A lab test that uses a blood sample
will usually be done to analyze the child's chromosomes. A cheek scraping
(buccal smear) or skin sample may be requested too.
Certain features on an ultrasound image
provided during fetal development may raise suspicion that your baby has Turner syndrome or another genetic condition affecting development in the womb.
Prenatal screening tests
that evaluate the baby's DNA in the mother's blood such as prenatal cell-free DNA screening or noninvasive prenatal screening can also be used to diagnose turner syndrome. A karyotype during pregnancy or after delivery
is still recommended to confirm the diagnosis.
Chorionic villus sampling
, which involves taking a small piece of tissue from the developing placenta with the same genetic material as the baby, and amniocentesis, in which a sample of the amniotic fluid is taken from the uterus, are procedures can be performed to test prenatally for Turner syndrome.
The primary treatments for nearly all girls and women with Turner syndrome include hormone therapies:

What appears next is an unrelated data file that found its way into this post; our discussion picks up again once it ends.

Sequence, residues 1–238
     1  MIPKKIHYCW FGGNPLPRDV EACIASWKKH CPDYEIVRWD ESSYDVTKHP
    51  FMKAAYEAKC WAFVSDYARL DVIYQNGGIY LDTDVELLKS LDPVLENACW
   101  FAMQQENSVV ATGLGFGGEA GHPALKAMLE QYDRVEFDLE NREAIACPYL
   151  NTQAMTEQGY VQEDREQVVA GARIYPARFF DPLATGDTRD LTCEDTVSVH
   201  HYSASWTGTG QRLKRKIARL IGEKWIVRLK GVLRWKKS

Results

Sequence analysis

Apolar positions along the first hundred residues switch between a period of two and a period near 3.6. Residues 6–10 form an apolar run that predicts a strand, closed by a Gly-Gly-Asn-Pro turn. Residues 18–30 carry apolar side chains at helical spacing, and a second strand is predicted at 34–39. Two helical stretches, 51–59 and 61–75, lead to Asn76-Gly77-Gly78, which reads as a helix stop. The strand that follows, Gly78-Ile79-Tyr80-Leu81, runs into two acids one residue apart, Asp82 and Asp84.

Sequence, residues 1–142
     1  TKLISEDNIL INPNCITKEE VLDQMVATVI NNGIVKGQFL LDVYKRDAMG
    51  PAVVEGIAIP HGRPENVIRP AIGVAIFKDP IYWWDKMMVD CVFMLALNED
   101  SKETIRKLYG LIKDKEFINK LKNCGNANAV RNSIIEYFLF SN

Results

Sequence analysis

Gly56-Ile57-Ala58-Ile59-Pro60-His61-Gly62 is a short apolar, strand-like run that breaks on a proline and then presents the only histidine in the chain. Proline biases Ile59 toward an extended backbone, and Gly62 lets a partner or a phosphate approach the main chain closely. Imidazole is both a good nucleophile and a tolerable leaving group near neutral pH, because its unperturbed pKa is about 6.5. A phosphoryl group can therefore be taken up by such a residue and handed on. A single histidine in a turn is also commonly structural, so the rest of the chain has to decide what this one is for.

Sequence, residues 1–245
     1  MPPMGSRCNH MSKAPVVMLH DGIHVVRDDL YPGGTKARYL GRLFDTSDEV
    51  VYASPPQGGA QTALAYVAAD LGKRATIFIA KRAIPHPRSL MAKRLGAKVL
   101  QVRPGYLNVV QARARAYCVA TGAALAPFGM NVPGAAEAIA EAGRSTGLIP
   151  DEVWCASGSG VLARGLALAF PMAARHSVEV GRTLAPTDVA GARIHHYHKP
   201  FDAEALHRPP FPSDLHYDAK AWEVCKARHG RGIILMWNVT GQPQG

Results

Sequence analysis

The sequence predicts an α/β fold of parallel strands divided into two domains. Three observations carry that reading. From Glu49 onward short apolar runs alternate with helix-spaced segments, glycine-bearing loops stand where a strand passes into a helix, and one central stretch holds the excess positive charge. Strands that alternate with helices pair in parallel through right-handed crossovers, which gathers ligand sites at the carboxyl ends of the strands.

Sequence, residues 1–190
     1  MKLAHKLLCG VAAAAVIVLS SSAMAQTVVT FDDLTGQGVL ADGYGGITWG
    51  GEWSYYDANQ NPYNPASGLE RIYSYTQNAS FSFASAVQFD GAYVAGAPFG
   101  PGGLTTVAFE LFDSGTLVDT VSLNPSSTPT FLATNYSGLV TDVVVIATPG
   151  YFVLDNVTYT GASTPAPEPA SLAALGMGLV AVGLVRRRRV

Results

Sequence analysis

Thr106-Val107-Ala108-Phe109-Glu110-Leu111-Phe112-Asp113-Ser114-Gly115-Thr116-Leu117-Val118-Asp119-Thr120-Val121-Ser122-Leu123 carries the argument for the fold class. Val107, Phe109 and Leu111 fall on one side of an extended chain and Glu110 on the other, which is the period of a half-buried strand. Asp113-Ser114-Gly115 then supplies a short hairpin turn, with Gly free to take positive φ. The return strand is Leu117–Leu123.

- Growth hormone. Use it early can improve height and bone growth during early childhood until the early teen years. Oxandrolone may be used along with the growth hormone.
- Estrogen therapy. It is used around age 11 or 12 years to promote breast development and improve the size (volume) of the uterus. It can also be used with the growth hormone to help with bone mineralization.
Only a small percentage of women with Turner syndrome can become pregnant without fertility treatment and they are still likely to experience failure of the ovaries and subsequent infertility
very early in adulthood. The donation of an egg or embryo to get pregnant requires a specially designed hormone therapy to prepare the uterus for pregnancy. There are reproductive endocrinologists out there to help you and discuss options with you.